The Moment the World Stopped
My wife Linda and I had been together for twenty years and were raising two teenage daughters when we received some of the worst news any couple will ever hear in their lifetimes: her sudden frequent bouts of what we had believed to be pneumonia were actually symptoms of advanced pulmonary fibrosis (PF). A breast cancer survivor, the chemo that had saved Linda's life eight years prior had damaged her lung tissue beyond repair.
This time, no matter how courageously she fought, how much she exercised, or how hard we prayed, and bargained, and tried, it was clear that PF would win the battle. We had to get ready. We had to get the kids ready.
Mama was going to die.
The afternoon we realized what was coming, we stopped for a glass of expensive cabernet at the Mission Inn, our favorite spot to celebrate. In years past, sitting at this same table-our table-under a window in the hotel lobby, we'd toasted her retirement, our anniversaries, and our wedding. We'd even taken our daughter Kerry there for her prom.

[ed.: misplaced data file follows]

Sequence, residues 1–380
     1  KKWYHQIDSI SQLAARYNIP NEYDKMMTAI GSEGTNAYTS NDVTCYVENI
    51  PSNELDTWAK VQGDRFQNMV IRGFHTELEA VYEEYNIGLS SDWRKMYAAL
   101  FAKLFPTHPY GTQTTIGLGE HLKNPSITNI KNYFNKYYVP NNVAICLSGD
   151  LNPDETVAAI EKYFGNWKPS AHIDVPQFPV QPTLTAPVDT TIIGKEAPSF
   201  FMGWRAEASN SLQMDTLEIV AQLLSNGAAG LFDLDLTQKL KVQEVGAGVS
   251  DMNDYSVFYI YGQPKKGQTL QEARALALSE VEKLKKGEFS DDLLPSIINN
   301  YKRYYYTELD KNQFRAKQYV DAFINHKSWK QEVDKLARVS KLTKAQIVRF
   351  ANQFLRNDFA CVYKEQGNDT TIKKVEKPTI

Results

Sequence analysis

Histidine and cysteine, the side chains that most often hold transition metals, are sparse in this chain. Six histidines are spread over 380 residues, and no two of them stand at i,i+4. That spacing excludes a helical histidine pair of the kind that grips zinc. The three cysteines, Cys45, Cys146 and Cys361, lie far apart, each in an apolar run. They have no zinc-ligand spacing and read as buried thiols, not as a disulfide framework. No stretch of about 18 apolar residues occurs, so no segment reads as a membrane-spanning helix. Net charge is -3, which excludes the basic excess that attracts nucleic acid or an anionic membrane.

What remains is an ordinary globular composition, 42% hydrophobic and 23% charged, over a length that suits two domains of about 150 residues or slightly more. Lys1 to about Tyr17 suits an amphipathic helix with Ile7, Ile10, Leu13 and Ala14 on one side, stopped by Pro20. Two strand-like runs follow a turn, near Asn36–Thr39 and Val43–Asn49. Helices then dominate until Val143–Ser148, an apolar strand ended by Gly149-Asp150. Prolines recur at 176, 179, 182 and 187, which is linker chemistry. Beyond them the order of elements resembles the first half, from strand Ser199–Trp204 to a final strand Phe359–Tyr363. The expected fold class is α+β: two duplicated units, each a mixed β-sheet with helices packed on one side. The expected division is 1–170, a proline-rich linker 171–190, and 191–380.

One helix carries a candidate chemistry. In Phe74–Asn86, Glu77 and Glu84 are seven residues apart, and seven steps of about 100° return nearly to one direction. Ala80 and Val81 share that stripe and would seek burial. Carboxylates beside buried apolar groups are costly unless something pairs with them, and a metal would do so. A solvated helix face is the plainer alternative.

There we sat sipping our wine, reminiscing. We texted the kids that we would be home later. Intuiting what was really going on, Kerry replied, "This is it, isn't it, Mom? Mama's really dying now."
Our hearts broke reading her words. There was no protecting ourselves or our girls from Linda's approaching death. No stopping or hiding from it. This was really happening. To us, Jill and Linda. Someday not too far off, I would just be Jill again.
What would that even mean anymore, after decades of being half of a loving, committed couple who'd built a life together?
I was about to find out.